Waverley Council has unanimously rejected a planning proposal (PP) by Uniting to amend the Waverley Local Environmental Plan 2012 in respect of 99-117 Birrell Street, Waverley (War Memorial Hospital site).
The Council made its decision based on the significant opposition and concern from the community to the proposed increase in height and floor space ratio, which Council believes would represent an overdevelopment of the site.
The Waverley LEP is the main environmental planning instrument which regulates land use and development in Waverley. It addresses:
- land zoning, outlining what development is permitted
- development standards surrounding building height, design and floor space ratio
- special areas of consideration, for example heritage, protection of trees and incentives for affordable housing.
The Department of Planning and Environment, as the Local Plan Making Authority, will now consider whether it will support the PP, which some residents who live in the area objected to.
The Council requests that the Department consider the following issues if it decides to support the PP:
- floor space ratio (FSR) not to exceed 1:1
- height of building (HOB) not to exceed 12 metres
- the site is excluded from the Affordable Housing State Environmental Planning Policy bonus provisions relating to FSR and HOB
- a mechanism is provided to achieve a minimum of 10% affordable housing on the site in line with Council’s endorsed Affordable Housing Contribution Scheme
- Existing residents are rehoused within Sydney’s eastern suburbs region to ensure there is no dislocation from their local community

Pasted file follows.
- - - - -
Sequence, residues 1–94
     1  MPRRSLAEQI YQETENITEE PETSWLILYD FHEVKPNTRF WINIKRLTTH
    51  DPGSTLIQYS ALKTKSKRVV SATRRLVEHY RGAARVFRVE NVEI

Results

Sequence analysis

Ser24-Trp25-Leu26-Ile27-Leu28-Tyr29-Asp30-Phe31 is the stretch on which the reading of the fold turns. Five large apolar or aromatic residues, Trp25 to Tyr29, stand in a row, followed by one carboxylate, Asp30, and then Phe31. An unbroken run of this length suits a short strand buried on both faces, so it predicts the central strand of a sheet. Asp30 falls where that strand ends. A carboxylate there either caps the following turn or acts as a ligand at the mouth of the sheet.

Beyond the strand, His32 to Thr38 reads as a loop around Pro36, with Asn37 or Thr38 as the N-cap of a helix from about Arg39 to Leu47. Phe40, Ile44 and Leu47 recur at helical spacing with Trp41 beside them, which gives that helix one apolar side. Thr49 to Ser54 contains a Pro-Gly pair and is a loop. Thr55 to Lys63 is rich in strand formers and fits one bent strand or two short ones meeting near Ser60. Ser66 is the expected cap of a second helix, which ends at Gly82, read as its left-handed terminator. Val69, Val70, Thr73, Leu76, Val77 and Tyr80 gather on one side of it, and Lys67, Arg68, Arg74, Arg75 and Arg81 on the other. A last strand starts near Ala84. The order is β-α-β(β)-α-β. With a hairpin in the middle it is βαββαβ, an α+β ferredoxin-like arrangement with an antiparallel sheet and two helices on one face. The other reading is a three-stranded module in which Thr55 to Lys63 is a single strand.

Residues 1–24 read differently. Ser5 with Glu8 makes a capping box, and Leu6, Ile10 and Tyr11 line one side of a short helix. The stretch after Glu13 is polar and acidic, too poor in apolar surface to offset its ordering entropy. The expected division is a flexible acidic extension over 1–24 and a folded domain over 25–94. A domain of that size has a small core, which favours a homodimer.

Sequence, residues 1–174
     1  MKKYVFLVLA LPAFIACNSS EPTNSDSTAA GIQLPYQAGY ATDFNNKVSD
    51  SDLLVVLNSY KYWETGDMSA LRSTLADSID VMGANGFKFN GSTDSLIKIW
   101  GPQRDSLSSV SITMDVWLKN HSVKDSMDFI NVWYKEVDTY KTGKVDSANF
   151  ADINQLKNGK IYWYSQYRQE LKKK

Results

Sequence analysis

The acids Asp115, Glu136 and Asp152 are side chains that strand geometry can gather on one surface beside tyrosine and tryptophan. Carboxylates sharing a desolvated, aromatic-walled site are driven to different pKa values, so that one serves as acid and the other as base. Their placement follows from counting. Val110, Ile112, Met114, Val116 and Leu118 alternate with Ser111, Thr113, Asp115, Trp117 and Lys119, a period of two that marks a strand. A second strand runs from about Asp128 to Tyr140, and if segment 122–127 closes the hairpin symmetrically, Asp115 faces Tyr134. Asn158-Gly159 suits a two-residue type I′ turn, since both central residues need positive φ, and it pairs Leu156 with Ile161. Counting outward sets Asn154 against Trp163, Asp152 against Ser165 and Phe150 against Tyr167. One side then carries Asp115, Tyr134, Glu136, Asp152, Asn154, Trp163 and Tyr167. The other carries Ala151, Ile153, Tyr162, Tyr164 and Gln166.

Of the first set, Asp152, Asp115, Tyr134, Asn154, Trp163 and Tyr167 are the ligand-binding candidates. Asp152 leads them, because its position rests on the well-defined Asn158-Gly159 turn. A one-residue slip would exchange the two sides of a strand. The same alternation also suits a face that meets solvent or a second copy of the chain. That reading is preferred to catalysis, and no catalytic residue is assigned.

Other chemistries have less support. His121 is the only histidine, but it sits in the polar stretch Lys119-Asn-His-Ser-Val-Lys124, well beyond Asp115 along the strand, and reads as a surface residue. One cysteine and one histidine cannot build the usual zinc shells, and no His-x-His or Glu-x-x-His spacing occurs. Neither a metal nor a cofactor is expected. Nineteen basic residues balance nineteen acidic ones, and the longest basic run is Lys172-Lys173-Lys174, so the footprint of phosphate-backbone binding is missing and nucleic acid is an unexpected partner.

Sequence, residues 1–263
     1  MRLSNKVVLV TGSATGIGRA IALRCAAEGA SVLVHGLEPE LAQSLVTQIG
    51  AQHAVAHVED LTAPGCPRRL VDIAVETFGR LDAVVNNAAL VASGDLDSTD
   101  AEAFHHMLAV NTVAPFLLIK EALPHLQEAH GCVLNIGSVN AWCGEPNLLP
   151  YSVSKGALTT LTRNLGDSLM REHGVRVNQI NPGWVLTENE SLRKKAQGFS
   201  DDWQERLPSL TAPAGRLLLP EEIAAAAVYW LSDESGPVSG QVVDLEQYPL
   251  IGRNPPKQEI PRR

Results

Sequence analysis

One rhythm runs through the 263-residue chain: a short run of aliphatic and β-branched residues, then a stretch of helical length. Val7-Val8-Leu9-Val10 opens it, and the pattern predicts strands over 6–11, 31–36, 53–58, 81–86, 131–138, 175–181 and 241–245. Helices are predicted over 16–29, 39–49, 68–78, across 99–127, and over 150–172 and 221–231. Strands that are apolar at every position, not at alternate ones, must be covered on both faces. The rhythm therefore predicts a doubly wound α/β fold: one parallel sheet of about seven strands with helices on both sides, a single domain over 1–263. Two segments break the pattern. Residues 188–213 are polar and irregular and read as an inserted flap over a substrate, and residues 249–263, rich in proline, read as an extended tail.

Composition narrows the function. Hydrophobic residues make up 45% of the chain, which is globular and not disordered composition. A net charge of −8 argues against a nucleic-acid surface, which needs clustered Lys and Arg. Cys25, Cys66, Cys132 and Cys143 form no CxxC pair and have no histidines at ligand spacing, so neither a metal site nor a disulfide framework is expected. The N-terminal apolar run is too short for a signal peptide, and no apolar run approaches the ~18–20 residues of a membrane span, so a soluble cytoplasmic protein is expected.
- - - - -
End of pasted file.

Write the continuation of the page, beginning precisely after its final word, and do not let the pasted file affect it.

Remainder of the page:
- Inclusion of social impact mitigation provisions as part of the process
Mayor of Waverley, Paula Masselos, said the Council was committed to protecting Waverley from overdevelopment. Last month, Council also rejected the PP for Charing Square. See media release here.
“Presently Waverley is experiencing a surge of developments which are systematically destroying the very values of our built environment as well as promulgating overdevelopment, often in contravention of our planning instruments,” Mayor Masselos said.
“While many development approvals and planning proposal decisions are no longer in the hands of Council, we are committed to fighting overdevelopment and are introducing a new peoples’ planning advocate position for precisely this purpose.
“We are very committed to ensuring Waverley’s significant heritage is protected and the War Memorial Hospital site is especially important. That is why we continue to apply to the Minister and the Office of Heritage to declare this site a heritage conservation area. This will also help protect the site from inappropriate overdevelopment.”
A draft site-specific Development Control Plan (DCP) has been developed to guide development onsite and ensure any development will incorporate design excellence, provide for adequate biodiversity and habitat outcomes, and provide good amenity for residents, through sustainable building quality and high-quality open spaces, whilst respecting the significant built and cultural heritage open spaces.
The site-specific DCP would apply to the properties not only at 99-117 Birrell Street, Waverley but also the remainder of the urban block bound by Church Street, Bronte Road, Birrell Street and Carrington Road, encompassing the remainder of the War Memorial Hospital Site.
Council is continuing to review the site-specific DCP and will incorporate further matters including:
- the Conservation Management Plan design principles, to provide guidance to ensure that the heritage significance of Edina and the gardens are respected in any future development
- a development standard or objective to ensure that the DCP protects, maintains or exceeds the existing mature tree canopy, including minimising the reduction in aggregate tree canopy and habitat corridor available on the site in any future development
- the main entry gates to the site and their curtilage at the corner of Birrell Street and Bronte Road are conserved and the site will be accessible to the public via these gates, and that pedestrian accessibility through the site will be improved
- setbacks and proposed building footprints for future buildings consider the location of existing mature trees on the site and minimise the loss of mature landscaping where possible
- minimise the potential adverse impacts of parking and traffic generation associated with the proposal on the surrounding street network.